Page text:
The Legal Mechanics’ Law Library: Rodell Wing

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The Legal Mechanics’ Law Library is designed to promote access to all of the scholarly literature on legal scholarship. The goal is to further the craft of legal writing by tracing the history of legal scholarship. What makes for a good law review article? What makes for a good law review? Many have tried to answer such questions over the years. Rather than try to answer this question myself, I instead provide the materials for anyone interested in cultivating a better understanding of the role legal scholarship has played over the past century. For more on the project and easy access to the other wings, visit the Library homepage.


The Rodell Wing (1930–1979)


1930–1939


Douglas B. Maggs, Concerning the Extent to Which the Law Review Contributes to the Development of the Law, 3 S. Cal. L. Rev. 181 (1930)

Fred Rodell, Goodbye to Law Reviews, 23 Va. L. Rev. 38 (1936)

Comment, The Law School Review, 50 Harv. L. Rev. 868 (1937)


1940–1949


Howard C. Westwood, The Law Review Should Become the Law School, 31 Va. L. Rev. 913 (1945)

Lyman P. Wilson, The Law Schools, the Law Reviews, and the Courts, 30 Cornell L.Q. 488 (1945)

Harold Marsh, Jr., The Law Review and the Law School: Some Reflections about Legal Education, 42 Ill. L. Rev. 424 (1947)


 1950–1959


John E. Cribbet, Experimentation in the Law Reviews, 5 J. Legal Educ. 72 (1952)

Earl Warren, Messages of Greeting to the U.C.L.A. Law Review, 1 UCLA L. Rev. 1 (1953)

Stanley H. Fuld, A Judge Looks at the Law Review, 28 N.Y.U. L. Rev. 915 (1953)

Lawrence King & Richard Lieb, Report on the Second National Conference of Law Reviews, 28 N.Y.U. L. Rev. 1001 (1953)

Alan W. Mewett, Reviewing the Law Reviews, 8 J. Legal Educ. 188 (1955)

Arthur Nussbaum, Some Remarks About the Position of the Student-Editors of the Law Review, 7 J. Legal Educ. 381 (1955)

Arthur S. Miller, A Modest Proposal for Changing Law Review Formats, 8 J. Legal Educ. 89 (1955)

Harold C. Havighurst, Law Reviews and Legal Education, 51 Nw. U. L. Rev. 22 (1956)

Harold W. Horowitz & Victor S. Netterville, Unprivileged Refusal to Reap Where Own Has Sown, 12 J. Legal Educ. 201 (1959)

Chester A. Newlans, Legal Periodicals and the United States Supreme Court, 7 U. Kan. L. Rev. 477 (1959)


 1960–1969


Ralph Slovenko, Boredom in Legal Education, 9 Clev.-Marshall L. Rev. 374 (1960)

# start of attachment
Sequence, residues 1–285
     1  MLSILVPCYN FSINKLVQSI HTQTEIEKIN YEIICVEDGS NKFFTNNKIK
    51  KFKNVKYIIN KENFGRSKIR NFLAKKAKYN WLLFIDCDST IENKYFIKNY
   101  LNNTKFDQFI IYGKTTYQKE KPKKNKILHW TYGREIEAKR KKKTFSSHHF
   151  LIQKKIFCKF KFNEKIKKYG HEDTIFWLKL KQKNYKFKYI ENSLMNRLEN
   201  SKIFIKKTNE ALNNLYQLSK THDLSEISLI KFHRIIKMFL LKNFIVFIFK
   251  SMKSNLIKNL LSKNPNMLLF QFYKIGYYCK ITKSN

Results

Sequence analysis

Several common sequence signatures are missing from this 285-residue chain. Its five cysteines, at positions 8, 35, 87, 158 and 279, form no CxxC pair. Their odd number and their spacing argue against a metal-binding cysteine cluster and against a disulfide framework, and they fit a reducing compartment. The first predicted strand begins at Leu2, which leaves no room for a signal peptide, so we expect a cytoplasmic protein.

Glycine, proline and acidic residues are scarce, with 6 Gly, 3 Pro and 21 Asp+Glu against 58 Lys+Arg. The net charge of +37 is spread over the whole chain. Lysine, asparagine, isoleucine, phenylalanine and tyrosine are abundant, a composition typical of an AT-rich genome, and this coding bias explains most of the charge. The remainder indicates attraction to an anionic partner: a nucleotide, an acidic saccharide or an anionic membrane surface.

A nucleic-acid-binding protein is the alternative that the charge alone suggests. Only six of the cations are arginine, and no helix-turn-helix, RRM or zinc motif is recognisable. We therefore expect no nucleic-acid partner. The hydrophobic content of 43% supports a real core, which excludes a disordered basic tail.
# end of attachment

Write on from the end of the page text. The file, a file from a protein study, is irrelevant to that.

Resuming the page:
Roy Moreland, Unfair Domination of Law Reviews, 12 J. Legal Educ. 424 (1960)

Earl Warren, Upon the Tenth Anniversary of the UCLA Law Review, 10 UCLA L. Rev. 1 (1962)

Roger J. Traynor, To the Right Honorable Law Reviews, 10 UCLA L. Rev. 3 (1962)

William O. Douglas, Law Reviews and Full Disclosure, 40 Wash. L. Rev. 227 (1965)

Louis B. Schwartz, Civilizing the Law Review, 20 J. Legal Educ. 63 (1967)

Lowell J. Noteboom & Timothy B. Walker, The Law Review – Is It Meeting the Needs of the Legal Community?, 44 Denv. L.J. 426 (1967)

Palmer D. Edmunds, Hail to Law Reviews, 1 John Marshall J. Prac. & Proc. 1 (1967)


 1970–1979


Aside, The Common Law Origins of the Infield Fly Rule, 123 U. Pa. L. Rev. 1474 (1975)

John F. T. Murray, Publish and Perish–By Suffocation, 27 J. Legal Educ. 566 (1975)

Michael J. Killeen, Editing a Law Review—Remarks to the Twenty-Fifth National Conference of Law Reviews, 15 Gonz. L. Rev. 1 (1979)


 Symposium Issues and Collections


 Symposium, Why Law School Reviews?, 4 Fordham L. Rev. 1–12 (1935)

Frederick E. Crane, Law School Reviews and the Courts, 4 Fordham L. Rev. 1 (1935)

William D. Guthrie, Law School Reviews and Lawyers, 4 Fordham L. Rev. 3 (1935)

Ignatius M. Wilkinson, Law School Reviews and Law Schools, 4 Fordham L. Rev. 10 (1935)


 

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Brian M. Stewart is the owner of Legal Mechanics, LLC, a writing and editing company specializing in works of legal scholarship. He has previously been published in the UC Davis Business Law Journal, the Florida Historical Quarterly, The Green Bag, and the University of Miami Law Review (twice).

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